Cluster 1: for visually handicapped children, or multiple handicapped children with a visual handicap

Cluster 2: for deaf or hard-of-hearing children, children with severe speaking difficulties or multiple handicapped children with one of these handicaps

Cluster 3: for physically handicapped children, children with severe learning difficulties (ZMLK), long term sick children with a physical handicap or multiple handicapped children with one of these handicaps

Cluster 4: for children with severe behavioural difficulties (ZMOK), long term sick children other than with a physical handicap or children in schools connected to a special needs institute

Finally there is detached support (ambulante begeleiding) where pupils in normal schools are supported by peripatetic special needs teachers from a cluster school.

Applications for SBOs are processed by the Permanente Commissie Leerlingenzorg (PCL) and the forms are completed together by the parents and the special needs co-ordinator at the current primary school.

Applications for cluster schools are processed by the Commissie voor indicatiestelling (CVI), which is different for each cluster.

There are also special secondary schools, that generally follow the same system as primary schools.

Persoonsgebonden budget (PGB)

A PGB is a 'personal budget' that people can apply for who have a medical diagnosis for certain disabilities, including mental impairments. The money comes from the AWBZ (Algemene Wet Bijzondere Ziektekosten, or general law for special healthcare costs), so you must be paying into this fund, normally via having a job. Additionally you have to be resident in the Netherlands for more than one year. To apply for a PGB for your child you must normally go through Jeugdzorg d , or for children with an IQ of less than 70 you apply through the CIZ. The deciding body will determine how much you are entitled to and in which categories you can spend the budget on.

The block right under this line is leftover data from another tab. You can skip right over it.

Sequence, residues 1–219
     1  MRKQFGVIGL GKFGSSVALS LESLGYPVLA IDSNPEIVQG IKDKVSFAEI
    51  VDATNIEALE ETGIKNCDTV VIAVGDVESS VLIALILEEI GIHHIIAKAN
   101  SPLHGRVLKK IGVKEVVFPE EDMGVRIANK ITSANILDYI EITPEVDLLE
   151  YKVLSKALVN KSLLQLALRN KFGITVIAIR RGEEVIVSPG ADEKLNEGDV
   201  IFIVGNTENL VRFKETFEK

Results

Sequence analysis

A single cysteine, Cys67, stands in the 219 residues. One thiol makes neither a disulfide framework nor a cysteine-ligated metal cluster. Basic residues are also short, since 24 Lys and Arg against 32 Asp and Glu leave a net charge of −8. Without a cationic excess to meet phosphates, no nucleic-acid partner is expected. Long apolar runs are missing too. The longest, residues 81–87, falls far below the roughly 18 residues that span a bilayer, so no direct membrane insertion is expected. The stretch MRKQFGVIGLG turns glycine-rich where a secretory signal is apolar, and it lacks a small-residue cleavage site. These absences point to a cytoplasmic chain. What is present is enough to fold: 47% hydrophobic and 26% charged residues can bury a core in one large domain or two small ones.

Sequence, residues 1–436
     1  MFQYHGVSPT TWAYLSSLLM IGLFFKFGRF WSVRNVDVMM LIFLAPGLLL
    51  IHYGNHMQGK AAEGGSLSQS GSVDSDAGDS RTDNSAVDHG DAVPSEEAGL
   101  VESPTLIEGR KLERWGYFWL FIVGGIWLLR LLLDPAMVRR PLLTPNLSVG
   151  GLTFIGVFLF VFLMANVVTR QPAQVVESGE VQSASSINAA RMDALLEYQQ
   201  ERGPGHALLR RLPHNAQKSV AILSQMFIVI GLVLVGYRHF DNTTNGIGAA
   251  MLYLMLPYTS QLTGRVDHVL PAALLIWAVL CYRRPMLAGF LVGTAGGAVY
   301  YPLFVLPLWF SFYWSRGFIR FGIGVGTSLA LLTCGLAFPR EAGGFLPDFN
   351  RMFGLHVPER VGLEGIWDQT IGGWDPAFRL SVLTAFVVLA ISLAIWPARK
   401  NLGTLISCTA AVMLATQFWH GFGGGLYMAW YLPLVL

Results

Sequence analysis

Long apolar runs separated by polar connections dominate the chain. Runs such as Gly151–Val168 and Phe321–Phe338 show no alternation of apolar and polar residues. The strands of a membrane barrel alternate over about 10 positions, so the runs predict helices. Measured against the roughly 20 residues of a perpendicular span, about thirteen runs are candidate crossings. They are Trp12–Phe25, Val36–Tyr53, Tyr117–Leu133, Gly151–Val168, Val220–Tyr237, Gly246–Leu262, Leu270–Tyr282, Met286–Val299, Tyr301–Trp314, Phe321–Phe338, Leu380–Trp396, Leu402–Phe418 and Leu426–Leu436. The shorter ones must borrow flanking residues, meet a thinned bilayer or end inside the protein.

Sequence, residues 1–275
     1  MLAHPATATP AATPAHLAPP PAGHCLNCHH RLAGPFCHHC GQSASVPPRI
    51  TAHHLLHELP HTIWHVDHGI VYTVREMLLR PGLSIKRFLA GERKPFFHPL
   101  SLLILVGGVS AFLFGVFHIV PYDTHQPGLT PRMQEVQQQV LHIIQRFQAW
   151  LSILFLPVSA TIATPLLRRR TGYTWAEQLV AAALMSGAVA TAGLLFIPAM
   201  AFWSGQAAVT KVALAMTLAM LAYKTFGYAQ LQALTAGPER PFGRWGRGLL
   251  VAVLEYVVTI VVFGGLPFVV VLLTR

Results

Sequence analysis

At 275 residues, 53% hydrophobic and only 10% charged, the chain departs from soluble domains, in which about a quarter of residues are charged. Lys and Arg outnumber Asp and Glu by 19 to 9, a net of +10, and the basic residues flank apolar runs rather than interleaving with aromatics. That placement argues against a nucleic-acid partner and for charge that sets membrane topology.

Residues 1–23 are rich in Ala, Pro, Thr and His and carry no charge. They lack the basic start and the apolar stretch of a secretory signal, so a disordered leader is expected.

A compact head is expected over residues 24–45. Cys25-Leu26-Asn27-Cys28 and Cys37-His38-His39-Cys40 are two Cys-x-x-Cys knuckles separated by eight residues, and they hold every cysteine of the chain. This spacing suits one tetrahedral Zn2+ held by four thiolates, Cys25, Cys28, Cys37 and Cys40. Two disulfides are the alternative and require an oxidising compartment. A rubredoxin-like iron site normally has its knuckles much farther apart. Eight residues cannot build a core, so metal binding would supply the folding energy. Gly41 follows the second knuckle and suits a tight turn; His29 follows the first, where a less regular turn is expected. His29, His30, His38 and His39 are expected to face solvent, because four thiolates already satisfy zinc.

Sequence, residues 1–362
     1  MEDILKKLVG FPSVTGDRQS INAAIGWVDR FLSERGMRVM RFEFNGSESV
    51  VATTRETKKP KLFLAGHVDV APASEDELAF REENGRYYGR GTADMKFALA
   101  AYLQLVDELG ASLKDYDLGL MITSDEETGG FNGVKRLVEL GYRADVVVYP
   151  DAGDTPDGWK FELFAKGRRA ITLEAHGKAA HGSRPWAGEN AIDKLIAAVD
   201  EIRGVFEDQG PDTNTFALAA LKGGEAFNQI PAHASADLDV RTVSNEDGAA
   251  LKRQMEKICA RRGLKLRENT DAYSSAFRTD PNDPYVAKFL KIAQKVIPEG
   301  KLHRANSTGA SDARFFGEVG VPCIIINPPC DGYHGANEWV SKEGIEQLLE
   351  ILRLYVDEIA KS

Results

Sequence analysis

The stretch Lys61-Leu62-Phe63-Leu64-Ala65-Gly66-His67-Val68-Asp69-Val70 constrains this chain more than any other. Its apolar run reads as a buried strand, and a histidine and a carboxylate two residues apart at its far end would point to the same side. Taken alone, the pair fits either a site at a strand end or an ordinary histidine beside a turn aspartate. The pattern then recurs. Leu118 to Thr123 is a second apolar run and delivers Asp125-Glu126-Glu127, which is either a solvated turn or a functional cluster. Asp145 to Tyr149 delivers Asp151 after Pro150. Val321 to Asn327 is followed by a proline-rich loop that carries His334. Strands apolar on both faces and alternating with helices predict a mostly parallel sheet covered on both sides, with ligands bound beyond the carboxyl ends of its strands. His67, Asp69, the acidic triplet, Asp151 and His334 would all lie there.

You can spend a PGB for one of two things: either for buying in help from one institution that will look after everything, called zorg in natura ; or you can opt to receive the money yourself and pay professionals, or institutions yourself. This second option also means that family members and friends can be paid to help look after your child. This requires that you do all your own paperwork (in Dutch!).

As an example, we receive money for our son that allows us to pay for him to go away an activity weekend with an approved organisation for one weekend per month. This allows us to spend quality time with his younger brother, and have a break from a demanding child. Furthermore, we pay his mum for several hours a week for the extra time and attention over and above what an ordinary child needs.

More details can be found on the English language section of

Rugzakje (little rucksack)

This nickname refers to leerlinggebonden financiering (pupil financing) that allows children with physical, mental or behavioural problems to remain in regular primary schools instead of having to go to a special school. The proviso is that the regular school is able to offer the support necessary for the child. In effect this severely limits the number of instances that this is provided for as currently most primary schools do not have extra staff for special needs. However, if it concerns a physical disability then the money could be used to pay for access equipment at the school.

The indication organisation for a rugzakje is the Commissie voor de Indicatiestelling (CvI). Your school should be able to help you with an application.

Resources for kids with special needs

Please contact if you have advice, tips, links (or anything else!) you'd like to include in this section.